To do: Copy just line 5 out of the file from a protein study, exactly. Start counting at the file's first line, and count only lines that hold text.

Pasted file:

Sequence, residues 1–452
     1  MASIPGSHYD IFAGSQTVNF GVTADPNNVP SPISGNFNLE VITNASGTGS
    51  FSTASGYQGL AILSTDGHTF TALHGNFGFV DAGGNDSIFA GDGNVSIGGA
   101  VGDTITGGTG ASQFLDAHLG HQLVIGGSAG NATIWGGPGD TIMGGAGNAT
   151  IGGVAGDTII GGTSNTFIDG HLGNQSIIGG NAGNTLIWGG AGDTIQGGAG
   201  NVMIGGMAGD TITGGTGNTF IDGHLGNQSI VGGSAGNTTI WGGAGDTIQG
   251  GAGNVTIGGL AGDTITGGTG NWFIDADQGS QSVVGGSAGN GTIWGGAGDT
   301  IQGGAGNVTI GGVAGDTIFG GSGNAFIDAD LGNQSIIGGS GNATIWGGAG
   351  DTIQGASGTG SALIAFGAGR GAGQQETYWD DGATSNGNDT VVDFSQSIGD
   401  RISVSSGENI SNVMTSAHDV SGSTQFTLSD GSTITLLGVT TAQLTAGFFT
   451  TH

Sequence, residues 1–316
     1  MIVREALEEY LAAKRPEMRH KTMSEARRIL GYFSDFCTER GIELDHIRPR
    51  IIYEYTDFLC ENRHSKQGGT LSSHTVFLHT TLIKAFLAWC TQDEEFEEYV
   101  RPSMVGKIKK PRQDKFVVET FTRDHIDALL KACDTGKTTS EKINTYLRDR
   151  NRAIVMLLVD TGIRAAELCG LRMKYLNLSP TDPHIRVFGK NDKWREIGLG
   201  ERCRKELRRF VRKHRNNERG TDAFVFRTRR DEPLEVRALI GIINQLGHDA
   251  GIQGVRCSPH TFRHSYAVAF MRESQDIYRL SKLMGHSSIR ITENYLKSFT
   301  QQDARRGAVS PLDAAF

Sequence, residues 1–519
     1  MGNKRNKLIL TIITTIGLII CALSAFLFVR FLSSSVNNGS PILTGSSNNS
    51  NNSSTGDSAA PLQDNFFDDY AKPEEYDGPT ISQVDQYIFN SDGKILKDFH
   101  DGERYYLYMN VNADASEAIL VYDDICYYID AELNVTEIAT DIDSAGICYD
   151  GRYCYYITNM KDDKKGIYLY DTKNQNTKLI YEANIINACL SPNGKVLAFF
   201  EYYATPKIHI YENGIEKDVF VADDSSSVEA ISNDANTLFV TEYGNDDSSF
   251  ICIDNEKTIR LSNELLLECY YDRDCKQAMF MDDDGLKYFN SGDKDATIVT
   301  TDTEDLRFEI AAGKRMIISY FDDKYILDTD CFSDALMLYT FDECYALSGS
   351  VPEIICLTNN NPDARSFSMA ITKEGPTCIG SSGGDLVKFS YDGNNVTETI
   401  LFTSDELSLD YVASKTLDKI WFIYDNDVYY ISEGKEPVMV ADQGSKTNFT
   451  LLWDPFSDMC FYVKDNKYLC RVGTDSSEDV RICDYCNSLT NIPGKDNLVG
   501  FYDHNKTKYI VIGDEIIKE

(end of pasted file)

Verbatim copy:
   151  IGGVAGDTII GGTSNTFIDG HLGNQSIIGG NAGNTLIWGG AGDTIQGGAG